Highlights of offerings:

  • 10-day Comprehensive Diagnostic Assessment (Neuropsychological testing, sub-specialty evaluations and assessments and ongoing 24 hour observation with feedback and next steps; Neurological assessment and MRI as indicated)
  • Treatment Initiation– Individual and Group Therapy with foundation in Dialectical Behavior Therapy.
  • Treatment Extension – Ongoing Individual and Group Therapy

WILLIAMS HOUSE at Lindner Center of HOPE offers an intimate and stabilizing residential environment for adults, age 18 and older, suffering with co-morbid mental health and addiction issues, who may benefit from psychiatric evaluation, cognitive work, medication adjustments/compliance, detox, observation and treatment initiation. The clinical team applies their expertise to facilitate stabilizing evaluation and next level of care recommendations.

Highlights of offerings:

  • 10-day Stabilizing Evaluation
  • Add-on Neuropsychological Testing and/or Treatment Initiation

Learn more about the assessment and residential programs here.

Progressive Team of Specialists Ensures the Latest, Proven Treatment

The team at Lindner Center of HOPE is recognized for their experience, advanced training, and results in the treatment of anxiety disorders. They personally oversee:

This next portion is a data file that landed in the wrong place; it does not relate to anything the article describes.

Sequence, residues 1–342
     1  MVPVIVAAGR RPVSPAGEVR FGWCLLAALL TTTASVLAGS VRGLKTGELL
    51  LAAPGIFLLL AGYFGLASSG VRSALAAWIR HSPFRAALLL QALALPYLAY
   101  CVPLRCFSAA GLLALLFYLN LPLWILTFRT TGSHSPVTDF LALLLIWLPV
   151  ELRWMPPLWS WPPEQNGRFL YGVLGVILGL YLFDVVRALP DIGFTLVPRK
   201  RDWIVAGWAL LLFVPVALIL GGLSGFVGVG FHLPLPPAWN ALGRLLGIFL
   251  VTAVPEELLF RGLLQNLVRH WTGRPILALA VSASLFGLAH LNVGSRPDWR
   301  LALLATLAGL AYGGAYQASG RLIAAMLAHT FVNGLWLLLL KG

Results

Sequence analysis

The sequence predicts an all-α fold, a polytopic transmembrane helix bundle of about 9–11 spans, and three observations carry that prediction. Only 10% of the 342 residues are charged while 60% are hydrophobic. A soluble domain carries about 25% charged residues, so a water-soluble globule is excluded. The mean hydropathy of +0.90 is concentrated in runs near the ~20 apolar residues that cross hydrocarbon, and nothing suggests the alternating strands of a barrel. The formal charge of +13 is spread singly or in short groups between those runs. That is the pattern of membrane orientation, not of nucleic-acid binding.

• Individually tailored treatment approach which combines Cognitive Behavioral Therapy (CBT) and medication treatment
  • Exposure and Response Prevention (ERP)
  • Psychiatric medication evaluation and treatment

Each patient’s multidisciplinary treatment team may also include the following healthcare professionals:

  • Primary Care Physicians
  • Masters or Doctoral-level Therapists and Psychology Interns
  • Social Work Staff
  • Registered Nurses, Licensed Practical Nurses and Mental Health Specialists
  • Dietitian
  • Employment Specialist
  • Spiritual Care Coordinator
  • Community Psychiatric Support Specialist

Screening for Adolescents

Complete this screening with your child for a more detailed look at whether anxiety is affecting an adolescent in your life.

Common Anxiety Disorders Facts for Adolescents

Learn about common anxiety disorders adolescents face.



Anxiety Disorder Association of America

American Psychological Association

Calm Clinic

EMDR Institute (Eye Movement Desensitization and Reprocessing)

International Society for the Study of Trauma and Dissociation

National Institute of Mental Health: Anxiety Disorders

The Posttraumatic Stress Disorder (PTSD) Alliance

Social Phobia/Social Anxiety Association

National Center for Posttraumatic Stress Disorder: Surgeon General’s Report on Mental Health: Anxiety in Children and Adolescents

US Department of Veterans Affairs: National Center for Posttraumatic Stress Disorder